Late last year, in the Shaheen Bagh plaza of New Delhi, a protest broke out. It was a challenge to the Citizen Amendment Act passed by the government of India’s prime minister, Narendra Modi, which made religion a criteria for earning citizenship, allowing a path for Hindus and Christians and Sikhs and Buddhists, but not Muslims. The early days of the demonstration mixed the democratic spirit of Tahrir Square with the camp-out culture of Occupy Wall Street. Protesters who stayed a while needed to eat. And what they ate was biryani, a quintessential Indian rice-and-meat dish. “It’s very much a symbol of syncretic culture, because a version of it was brought in by Muslim rulers,” says the writer and New York Times contributor Aatish Taseer, 39, who grew up in Delhi and found that the protests made him see the dish in a new way. “I suddenly felt very protective of this thing that I associate with the kind of India that I love.”
The finished dish is drier than an Indian curry, but shares similarly bold flavours, which Taseer offsets with Greek yoghurt.
Taseer, who hosted the recent two-part Al Jazeera documentary “In Search of India’s Soul,” has been eating biryani since well before he was an internationally recognised voice on India, the author of three novels and two books of nonfiction (plus one translation from Urdu to English). His family’s in-home cook used to prepare it for him when Taseer was a child. “Of all the things he would make, biryani was one of my favourites,” Taseer says. “When I was 18 and on my way to college at Amherst, I thought ‘I could do without pretty much everything else except this.’ So I got him to teach it to me.”
Taseer still has the notebook with the original recipe, inked in his teenage scrawl. He’s referred to it over the years when he needed a culinary showstopper; biryani is not something one throws together in 20 minutes after work on a Wednesday. It’s a patient dish, a fragrant ginger-turmeric-cinnamon potpourri that was long associated with celebratory feasts until it recently became a political symbol. “If you cook it too fast, it can get out of control before you even know it,” Taseer says. He tends to nurse his for three hours with a tequila cocktail in hand and the classical station WQXR on the radio. “With biryani, in its purest or finest iteration, it’s sometimes cooking all night on a very low heat. What I really recommend is to slow things right down.”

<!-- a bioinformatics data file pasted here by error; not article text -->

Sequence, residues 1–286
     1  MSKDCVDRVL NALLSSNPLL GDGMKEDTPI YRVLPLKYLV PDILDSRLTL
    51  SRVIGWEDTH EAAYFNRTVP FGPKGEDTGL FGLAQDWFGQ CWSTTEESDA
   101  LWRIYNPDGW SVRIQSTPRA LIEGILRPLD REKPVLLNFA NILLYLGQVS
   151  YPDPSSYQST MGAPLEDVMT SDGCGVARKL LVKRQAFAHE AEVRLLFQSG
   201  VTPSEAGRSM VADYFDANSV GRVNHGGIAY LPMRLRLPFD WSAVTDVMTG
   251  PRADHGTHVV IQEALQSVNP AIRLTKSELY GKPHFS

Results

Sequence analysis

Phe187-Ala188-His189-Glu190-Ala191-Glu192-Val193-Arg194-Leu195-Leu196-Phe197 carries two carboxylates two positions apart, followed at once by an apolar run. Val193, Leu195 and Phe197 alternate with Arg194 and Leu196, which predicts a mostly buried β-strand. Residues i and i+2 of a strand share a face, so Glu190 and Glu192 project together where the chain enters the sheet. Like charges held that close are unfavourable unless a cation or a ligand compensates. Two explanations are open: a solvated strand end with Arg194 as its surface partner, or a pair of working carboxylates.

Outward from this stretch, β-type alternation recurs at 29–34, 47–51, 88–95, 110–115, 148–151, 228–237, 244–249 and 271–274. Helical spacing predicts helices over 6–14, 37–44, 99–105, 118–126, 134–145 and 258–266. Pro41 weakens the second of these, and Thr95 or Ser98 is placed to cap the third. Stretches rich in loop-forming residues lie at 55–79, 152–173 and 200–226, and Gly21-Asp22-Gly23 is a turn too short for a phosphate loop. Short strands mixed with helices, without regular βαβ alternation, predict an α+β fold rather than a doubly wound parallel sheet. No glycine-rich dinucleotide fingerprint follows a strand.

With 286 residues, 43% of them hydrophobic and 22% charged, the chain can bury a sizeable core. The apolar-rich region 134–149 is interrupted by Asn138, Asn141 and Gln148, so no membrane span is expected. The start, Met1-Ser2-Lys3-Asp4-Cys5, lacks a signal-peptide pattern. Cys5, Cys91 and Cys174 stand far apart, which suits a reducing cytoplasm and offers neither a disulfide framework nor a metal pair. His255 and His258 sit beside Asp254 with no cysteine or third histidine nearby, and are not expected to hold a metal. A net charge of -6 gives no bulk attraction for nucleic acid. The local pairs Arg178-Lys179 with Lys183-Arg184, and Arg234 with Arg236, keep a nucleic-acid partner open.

If you don’t live near a South Asian grocer, the Indian spices are readily available online.
Aatish’s Chicken Biryani
5 medium tomatoes, puréed
5 or 6 cloves of garlic, grated
1. Add ghee to a large stovetop pot or Dutch oven and coat the bottom. On medium heat, add onions, garlic and ginger. Stir. Then add cloves, black cardamom, cinnamon and bay leaf. Stir again. Cook until fragrant, less than a minute.
2. Once onions have browned, add red chilli, turmeric and salt. Cook until it’s mixed. Add chicken and cook for about 10 minutes, until it loses its raw colour. Add tomato purée, followed immediately by garam masala and biryani powder. Simmer for 10 minutes more at low heat.
3. Add rice, turn the heat up to medium-high and cook for 10 minutes covered. Turn the heat down to medium-low and cook uncovered until the liquid evaporates and the rice is cooked through, but not mushy or gluey, about 10 minutes. Let rest 5 to 10 minutes. Serve with plain Greek yoghurt, mango pickle and a glass of rosé.
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